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Provincial mine staff to inspect Myra Falls operation

Carla Wilson, Times Colonist, May 13, 2015

B.C. Ministry of Mines technical experts are heading to the Myra Falls mine near Campbell River this month to scrutinize plans to make sure the tailings storage facility won’t be breached in rainy season.

Provincial concerns about the mine, located at the base of a steep valley, include dealing with build-ups of groundwater as well as health and safety conditions in its mill, said Al Hoffman, B.C.’s chief inspector of mines.

“There was an issue, last December, where there was some extra water coming onto the site from heavy rainfall,” he said. “They dealt with it. But the ministry is following up closely with them to ensure that they’re doing everything they have to do to ensure that they manage the water and so the dam is not going to fail.”

Runoff water had built up near the outside of the tailings pond barrier. “It never breached, but it was getting close,” Hoffman said.

The ministry and its geo-technical consultant are visiting the mine during the last week of May to examine plans to divert groundwater to prevent it from going over the dam, he said.

B.C. wants to make sure the mine is prepared for the winter-to-spring rainy season.

Tailing pond soundness has been in the public eye since the Mount Polley disaster last summer. When the tailings pond collapsed for the open pit copper and gold mine northwest of Williams Lake, it sent pond contents into the region’s waterways.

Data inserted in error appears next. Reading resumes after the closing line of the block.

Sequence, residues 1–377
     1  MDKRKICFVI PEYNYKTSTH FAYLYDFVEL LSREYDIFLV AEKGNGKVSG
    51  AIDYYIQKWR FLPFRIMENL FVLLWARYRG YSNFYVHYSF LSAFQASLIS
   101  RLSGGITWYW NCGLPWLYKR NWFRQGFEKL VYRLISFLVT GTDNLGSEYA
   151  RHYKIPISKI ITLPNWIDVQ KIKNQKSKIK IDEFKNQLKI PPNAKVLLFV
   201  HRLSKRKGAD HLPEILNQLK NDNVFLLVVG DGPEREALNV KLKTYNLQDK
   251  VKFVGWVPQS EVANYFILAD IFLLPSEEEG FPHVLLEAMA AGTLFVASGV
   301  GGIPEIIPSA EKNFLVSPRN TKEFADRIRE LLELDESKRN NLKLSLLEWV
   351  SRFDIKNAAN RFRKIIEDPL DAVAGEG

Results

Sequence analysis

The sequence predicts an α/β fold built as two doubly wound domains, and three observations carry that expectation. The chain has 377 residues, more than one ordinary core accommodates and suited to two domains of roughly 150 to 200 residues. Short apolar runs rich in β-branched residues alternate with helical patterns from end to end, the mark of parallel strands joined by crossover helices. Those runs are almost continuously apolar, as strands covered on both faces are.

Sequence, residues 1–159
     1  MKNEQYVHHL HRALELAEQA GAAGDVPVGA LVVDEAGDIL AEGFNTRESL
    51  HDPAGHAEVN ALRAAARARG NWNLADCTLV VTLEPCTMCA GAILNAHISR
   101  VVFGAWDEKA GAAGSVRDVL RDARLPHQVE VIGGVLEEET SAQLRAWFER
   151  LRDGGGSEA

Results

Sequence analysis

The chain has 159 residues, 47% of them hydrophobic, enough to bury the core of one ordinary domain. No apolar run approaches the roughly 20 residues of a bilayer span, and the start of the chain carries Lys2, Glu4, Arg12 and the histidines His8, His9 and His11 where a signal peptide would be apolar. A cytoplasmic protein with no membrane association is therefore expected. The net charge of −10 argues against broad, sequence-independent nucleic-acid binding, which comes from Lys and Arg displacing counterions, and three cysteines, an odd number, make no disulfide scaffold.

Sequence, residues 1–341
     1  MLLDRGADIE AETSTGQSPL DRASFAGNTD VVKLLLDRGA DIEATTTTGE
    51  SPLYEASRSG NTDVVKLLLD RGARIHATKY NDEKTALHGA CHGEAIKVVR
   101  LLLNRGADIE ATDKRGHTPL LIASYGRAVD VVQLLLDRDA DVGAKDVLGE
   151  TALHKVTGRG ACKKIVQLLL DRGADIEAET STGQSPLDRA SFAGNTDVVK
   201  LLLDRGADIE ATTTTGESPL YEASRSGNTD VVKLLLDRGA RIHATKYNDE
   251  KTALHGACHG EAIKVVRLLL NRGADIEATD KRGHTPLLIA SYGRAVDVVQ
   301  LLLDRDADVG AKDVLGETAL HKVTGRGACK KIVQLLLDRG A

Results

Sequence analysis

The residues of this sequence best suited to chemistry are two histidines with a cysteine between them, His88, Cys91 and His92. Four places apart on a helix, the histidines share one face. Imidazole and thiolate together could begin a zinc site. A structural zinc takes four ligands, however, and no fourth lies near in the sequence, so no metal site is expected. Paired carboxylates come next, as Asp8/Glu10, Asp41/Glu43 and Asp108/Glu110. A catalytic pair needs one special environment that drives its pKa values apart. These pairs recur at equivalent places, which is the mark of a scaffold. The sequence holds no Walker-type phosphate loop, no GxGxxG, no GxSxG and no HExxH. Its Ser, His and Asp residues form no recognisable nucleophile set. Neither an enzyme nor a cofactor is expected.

Ministry orders have been issued for the mill regarding storage of chemicals, ventilation and conditions in the fire assay laboratory, as well as underground dust, Hoffman said. The ministry is responsible for regulating health and safety conditions at B.C. mines.

Most orders outlining concerns at the Myra Falls mine stem from last year, but some are older, he said. “I just want to emphasize that every mine has orders at it so this is not unusual,” Hoffman said.

“Some of them are fairly significant and that is why we are following up so closely.” But when ministry staff visit a mine, nothing is ever perfect and generally orders are written.

Zinc, copper, lead, gold and silver are mined at Myra Falls, where operations are being suspended at month’s end for at least six months by Nyrstar, of Switzerland, which bought the mine in 2011. Nyrstar intends to address and comply with ministry orders, said Glenn Smith, company spokesman.

Nyrstar plans to upgrade failing infrastructure, including its hydroelectric system, and carry out other improvements, such as expanding the footprint of the tailings facility, he said.

New management has been brought in to run the mine. Up to 90 of the mine’s 350 employees will be retained while operations are suspended. More than 200 workers are union members. Unifor Local 3019 and company representatives are scheduled to meet this afternoon to discuss the suspension of operations.

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